Friday, April 24, 2015

Modeling a growth mindset

The desire to win is a natural, normal human trait.  We all have it to some degree.  A friend of mine is ultra-competitive.  He cannot stand to lose.  He is a really nice guy and a very gracious loser when he doesn't win, but he hates losing.  We had a friendly neighborhood ping pong tournament a few weeks ago and he didn't win.  In fact, he got beat by an 11 year old and a 13 year old.  After the tournament, he challenged each of them to another match and won both.

I found it quite interesting that the younger boys won when it was tournament play, but lost when it was just a friendly match.  Likewise, it was interesting that my ultra-competitive friend lost when the pressure of the tournament was on, but won when it was just friendly.  Did the younger boys rise to the occasion?  Did the adult falter because he expected to beat the kids? 

Some folks are perfectly happy with only a tinge of competition.  They may enjoy playing a board game or some cards.  Other folks like to view everything as a competition.  Whether it is a simple game or a successful career, everything hinges on the question, "Who is better?"

I was outside watching some kids throw the football yesterday.  Back and forth, back and forth, the passes got longer and the catches more acrobatic.  A boy stood next to me and commented after each throw and catch, "I can throw it better than him....I can catch better than him...I am faster than him...I have better hands than him...I would've caught that one one-handed..."

The comments went on and on, yet this kid never jumped into the mix to prove himself.  I waited for him to jump in and have some fun but he never did.  After reading Mindset, by Dr. Carol Dweck, this got me thinking!

Really competitive people tend to notice a gap between their abilities and the abilities of those who perform better.  The internal conversation typically goes one of two ways.  Some of them ask themselves these questions:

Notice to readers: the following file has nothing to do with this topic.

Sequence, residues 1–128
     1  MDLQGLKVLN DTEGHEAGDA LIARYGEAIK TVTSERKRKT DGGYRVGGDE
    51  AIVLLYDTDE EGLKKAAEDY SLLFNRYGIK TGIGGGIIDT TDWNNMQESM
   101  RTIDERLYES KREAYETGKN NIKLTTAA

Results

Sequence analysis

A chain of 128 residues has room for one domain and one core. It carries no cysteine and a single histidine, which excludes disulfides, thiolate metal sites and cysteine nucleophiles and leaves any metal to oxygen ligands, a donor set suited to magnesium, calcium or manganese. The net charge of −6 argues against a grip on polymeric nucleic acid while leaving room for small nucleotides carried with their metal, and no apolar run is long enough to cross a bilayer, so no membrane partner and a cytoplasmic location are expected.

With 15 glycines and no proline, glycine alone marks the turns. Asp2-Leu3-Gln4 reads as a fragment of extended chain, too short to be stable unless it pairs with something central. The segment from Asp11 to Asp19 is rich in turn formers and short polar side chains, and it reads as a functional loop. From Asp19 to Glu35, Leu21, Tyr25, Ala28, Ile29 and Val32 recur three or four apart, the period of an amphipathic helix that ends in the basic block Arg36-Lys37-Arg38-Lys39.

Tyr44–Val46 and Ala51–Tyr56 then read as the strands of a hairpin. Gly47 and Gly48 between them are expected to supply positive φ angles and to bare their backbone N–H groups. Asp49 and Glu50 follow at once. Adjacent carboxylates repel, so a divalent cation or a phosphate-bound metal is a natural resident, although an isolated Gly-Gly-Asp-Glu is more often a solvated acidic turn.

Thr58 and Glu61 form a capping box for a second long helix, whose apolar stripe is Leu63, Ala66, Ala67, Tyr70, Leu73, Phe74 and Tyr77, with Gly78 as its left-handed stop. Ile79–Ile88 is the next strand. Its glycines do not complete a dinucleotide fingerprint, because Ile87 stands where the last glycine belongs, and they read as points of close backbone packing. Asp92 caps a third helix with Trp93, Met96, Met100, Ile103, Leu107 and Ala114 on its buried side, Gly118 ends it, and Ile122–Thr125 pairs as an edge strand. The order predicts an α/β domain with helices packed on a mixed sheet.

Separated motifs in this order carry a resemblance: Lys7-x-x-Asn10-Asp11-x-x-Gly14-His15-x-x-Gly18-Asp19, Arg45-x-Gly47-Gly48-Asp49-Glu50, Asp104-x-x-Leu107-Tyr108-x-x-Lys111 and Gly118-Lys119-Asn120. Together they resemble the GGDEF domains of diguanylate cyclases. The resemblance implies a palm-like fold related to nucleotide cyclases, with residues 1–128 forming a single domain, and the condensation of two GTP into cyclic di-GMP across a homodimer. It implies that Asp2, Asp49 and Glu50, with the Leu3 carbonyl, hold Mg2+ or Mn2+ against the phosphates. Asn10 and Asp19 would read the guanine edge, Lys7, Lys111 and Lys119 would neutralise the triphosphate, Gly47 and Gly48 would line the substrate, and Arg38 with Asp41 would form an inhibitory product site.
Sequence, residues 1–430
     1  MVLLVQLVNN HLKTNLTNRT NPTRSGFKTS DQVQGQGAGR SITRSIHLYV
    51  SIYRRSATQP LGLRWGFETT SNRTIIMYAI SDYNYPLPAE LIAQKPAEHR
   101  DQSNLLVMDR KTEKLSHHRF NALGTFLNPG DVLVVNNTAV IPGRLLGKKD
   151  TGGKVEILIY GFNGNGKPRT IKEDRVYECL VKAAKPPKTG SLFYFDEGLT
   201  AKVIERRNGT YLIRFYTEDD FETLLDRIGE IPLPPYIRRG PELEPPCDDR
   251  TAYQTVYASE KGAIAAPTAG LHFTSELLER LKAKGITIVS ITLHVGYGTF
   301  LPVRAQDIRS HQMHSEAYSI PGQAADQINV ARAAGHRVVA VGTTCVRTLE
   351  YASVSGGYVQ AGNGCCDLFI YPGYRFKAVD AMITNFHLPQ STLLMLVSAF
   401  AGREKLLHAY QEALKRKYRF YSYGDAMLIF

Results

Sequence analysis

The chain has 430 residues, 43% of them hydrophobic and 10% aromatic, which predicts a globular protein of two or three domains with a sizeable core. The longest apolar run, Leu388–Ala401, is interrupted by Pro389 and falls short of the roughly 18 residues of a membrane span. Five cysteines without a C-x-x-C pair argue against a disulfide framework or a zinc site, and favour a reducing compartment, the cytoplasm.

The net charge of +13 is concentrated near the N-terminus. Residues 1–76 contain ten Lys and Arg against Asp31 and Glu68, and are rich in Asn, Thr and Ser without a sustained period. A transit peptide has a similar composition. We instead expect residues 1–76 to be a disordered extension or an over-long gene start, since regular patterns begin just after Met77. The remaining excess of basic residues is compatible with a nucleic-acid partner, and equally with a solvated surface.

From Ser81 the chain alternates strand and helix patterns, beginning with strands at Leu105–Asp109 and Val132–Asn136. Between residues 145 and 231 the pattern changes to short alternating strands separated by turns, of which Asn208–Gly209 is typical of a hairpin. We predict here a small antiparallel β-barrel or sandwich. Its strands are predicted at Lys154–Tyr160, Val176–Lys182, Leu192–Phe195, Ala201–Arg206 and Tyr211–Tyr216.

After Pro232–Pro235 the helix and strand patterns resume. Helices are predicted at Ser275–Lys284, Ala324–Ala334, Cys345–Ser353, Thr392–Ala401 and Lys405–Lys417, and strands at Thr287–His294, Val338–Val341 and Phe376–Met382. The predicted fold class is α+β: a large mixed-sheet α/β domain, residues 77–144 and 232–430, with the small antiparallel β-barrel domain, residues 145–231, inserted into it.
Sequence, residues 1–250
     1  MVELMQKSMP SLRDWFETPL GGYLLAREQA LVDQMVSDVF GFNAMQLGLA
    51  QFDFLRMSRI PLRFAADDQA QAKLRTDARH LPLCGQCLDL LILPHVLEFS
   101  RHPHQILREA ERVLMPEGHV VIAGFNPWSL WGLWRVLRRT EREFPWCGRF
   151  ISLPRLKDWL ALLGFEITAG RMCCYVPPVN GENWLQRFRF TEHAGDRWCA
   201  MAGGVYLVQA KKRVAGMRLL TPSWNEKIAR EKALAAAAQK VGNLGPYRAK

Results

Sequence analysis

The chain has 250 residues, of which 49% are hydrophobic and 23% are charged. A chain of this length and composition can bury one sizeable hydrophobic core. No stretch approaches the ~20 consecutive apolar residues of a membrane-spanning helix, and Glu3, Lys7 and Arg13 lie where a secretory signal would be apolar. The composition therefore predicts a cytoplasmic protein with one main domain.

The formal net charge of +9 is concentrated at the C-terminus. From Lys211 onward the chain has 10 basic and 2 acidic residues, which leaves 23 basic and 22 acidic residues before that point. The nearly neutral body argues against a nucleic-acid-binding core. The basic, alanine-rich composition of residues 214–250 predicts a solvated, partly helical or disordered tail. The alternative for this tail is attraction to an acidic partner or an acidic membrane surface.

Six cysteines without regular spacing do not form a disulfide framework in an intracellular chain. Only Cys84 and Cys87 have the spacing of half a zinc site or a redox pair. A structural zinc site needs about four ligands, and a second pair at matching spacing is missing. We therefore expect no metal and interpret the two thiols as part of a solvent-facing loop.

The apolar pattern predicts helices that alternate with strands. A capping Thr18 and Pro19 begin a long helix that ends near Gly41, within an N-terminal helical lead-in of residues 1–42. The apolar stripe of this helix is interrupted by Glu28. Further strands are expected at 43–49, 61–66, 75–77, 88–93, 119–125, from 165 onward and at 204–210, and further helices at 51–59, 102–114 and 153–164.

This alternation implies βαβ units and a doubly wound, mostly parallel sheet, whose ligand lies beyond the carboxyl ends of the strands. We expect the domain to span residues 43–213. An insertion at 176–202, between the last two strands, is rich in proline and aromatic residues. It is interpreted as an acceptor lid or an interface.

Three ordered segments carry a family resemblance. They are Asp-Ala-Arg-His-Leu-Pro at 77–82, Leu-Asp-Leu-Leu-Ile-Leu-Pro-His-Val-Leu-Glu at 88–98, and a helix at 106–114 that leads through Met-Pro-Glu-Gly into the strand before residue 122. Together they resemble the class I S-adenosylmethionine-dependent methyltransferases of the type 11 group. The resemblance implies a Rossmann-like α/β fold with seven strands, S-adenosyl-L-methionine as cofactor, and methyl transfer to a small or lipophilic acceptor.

1. What makes the other guys better?
  2. What can I do to to close the gap between me and them?
Others simply say to themselves:
  1. They are just more naturally talented than I am.
  2. I just can't do it that well.

One set of people ask questions that drive improvement,  The other set makes statements that speak of limited abilities.  The questioners look for growth while the others speak of fixed abilities.  There is a certain amount of this mental structure that is innate, but according to Dr. Dweck, people are capable of learning to adapt to a growth mindset.

As an educator, do you see yourself making comparisons to those around you?  If so, how do you approach your observations?  Do you try to learn from those who inspire you?  Do you seek out continuous improvement?  When things go well, do you still look at how to improve for the next time?

Or, do you see folks around you who may do something a little bit better, then say, "I just can't do that."  Do you say the other teacher has better kids, or a better schedule.  Do you convince yourself that your practices are just fine, regardless of the greater successes shown by others?

Most educators profess to the ideal of being a lifelong learner.  If you are indeed a lifelong learner, how do you live it each day?  Do your students see you living with a growth mindset?  Do they hear you questioning your own efforts as you seek improvement?